Yellow Jackets slide into super regionals
1. Georgia Tech (42-16) automatic berth, won ACC regular season and tournament, No. 2 national seed, 22nd NCAA Tournament, sixth consecutive appearance
2. South Carolina (38-21) at-large berth, sixth in SEC, 21st NCAA Ttournament, sixth consecutive appearance
3. Michigan (41-17) at-large berth, tied for fourth in Big Ten, 18th NCAA Tournament
4. Furman (30-27) automatic berth, won Southern Conference tournament, fifth NCAA Tournament
Atlanta Regional schedule
At Russ Chandler Stadium
Friday, June 3
Game 1 South Carolina 6, Michigan 5
Game 2 Georgia Tech 5, Furman 4 (10 inn.)
Saturday, June 4
Game 3 Michigan 6, Furman 3, Furman eliminated
Game 4 Georgia Tech 10, South Carolina 2
Sunday, June 5
Game 5 South Carolina 4, Michigan 3, Michigan eliminated
Game 6 South Carolina 8, Georgia Tech 3
Monday, June 6
Game 7 Georgia Tech 5, South Carolina 0, South Carolina eliminated
Georgia Tech (45-17) advances to super regionals
Player To Watch
Shortstop Tyler Greene leads Georgia Tech in runs (74), homers (12) and RBI (69), but freshman Matt Wieters might be the team's best hitter because of his ability to make two-strike adjustments. Wieters batted .449/.528/.766 in ACC play, delivering seven of his 12 home runs and 43 of his 69 RBI in the games that mattered most. The freshman shifted between first base, catcher and DH while also posting the team's best ERA at 2.68 and recording six saves as the closer.
Wieters is hardly the only threat in a Georgia Tech lineup that scored 9.7 runs per game, the best of any team in the tournament. Seven starters compiled on-base percentages of at least .441, including Greene (.370/.457/.605) and third baseman Wes Hodges (.404/.477/.588). Junior outfielder/DH Jeremy Slayden (.349/.451/.570) has missed the last three weeks after having a cyst removed from his foot, but should return for regionals. The Yellow Jackets normally score enough that the 4.41 team ERA doesn't matter, though sophomores Blake Wood (9-1, 3.49) and Ryan Turner (7-2, 3.00) each have thrown well during the second half.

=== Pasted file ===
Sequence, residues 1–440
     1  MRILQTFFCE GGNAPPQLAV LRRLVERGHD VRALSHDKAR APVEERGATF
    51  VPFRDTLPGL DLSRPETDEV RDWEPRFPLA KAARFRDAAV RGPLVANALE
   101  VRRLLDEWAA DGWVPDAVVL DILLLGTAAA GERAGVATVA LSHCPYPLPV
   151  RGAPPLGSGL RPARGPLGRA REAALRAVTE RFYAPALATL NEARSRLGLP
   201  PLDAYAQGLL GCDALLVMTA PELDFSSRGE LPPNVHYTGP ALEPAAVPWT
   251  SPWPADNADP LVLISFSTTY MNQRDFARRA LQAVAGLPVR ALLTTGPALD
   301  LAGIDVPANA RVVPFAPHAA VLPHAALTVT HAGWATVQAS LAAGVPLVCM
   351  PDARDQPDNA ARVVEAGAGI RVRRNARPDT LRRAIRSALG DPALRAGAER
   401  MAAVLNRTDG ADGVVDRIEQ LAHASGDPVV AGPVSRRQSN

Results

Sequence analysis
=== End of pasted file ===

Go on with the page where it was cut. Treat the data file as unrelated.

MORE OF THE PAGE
On The Other Hand
It's been a battle this year for South Carolina, a team that has reached Omaha the last three seasons. The offense has struggled to score (5.2 runs in SEC play) because hitters not named Steve Pearce (.344-19-58) have failed to replicate past success, and no one has made up for the loss of catcher Landon Powell on offense or in the locker room. The Gamecocks still have a staff that throws strikes fronted by senior righties Aaron Rawl and Zac McCamie, and power-armed lefty Arik Hempy has shown signs of life lately after struggling for the past year. Experience, guts and coaching give South Carolina a shot at an upset.
Don't consider the fourth-place team from a northern conference as a joke regional participant. Michigan beat Florida Atlantic, Georgia, North Carolina and Notre Dame in nonconference games because of a deep, experienced pitching staff fronted by senior right-handers Jim Brauer (7-2, 2.34) and Michael Penn (7-2, 2.83). Junior second baseman Chris Getz (.389) and junior catcher Jeff Kunkel (.390) head a lineup that batted .319 collectively with gap power. Kunkel and junior outfielder Mike Schmidt are named after former major leaguers but aren't related to them.
Don't Forget About Us
Furman swept its final conference series against Davidson just to make the league tournament, then breezed through that event to ride a seven-game win streak into the NCAAs. The Paladins knocked off Tennessee once and South Carolina twice in midweek games, so they won't serve as a walk-over. Cincinnati's Moeller High has produced Barry Larkin, Ken Griffey Jr. and North Carolina State freshman ace Andrew Brackman, whose prep teammate, 6-foot-4 right-hander Ben Hunter, has also developed into a freshman ace. Hunter was 6-3, 4.06 with 87 strikeouts and 29 walks in 63 innings for Furman.
Will Kimmey covers college baseball for Baseball America.
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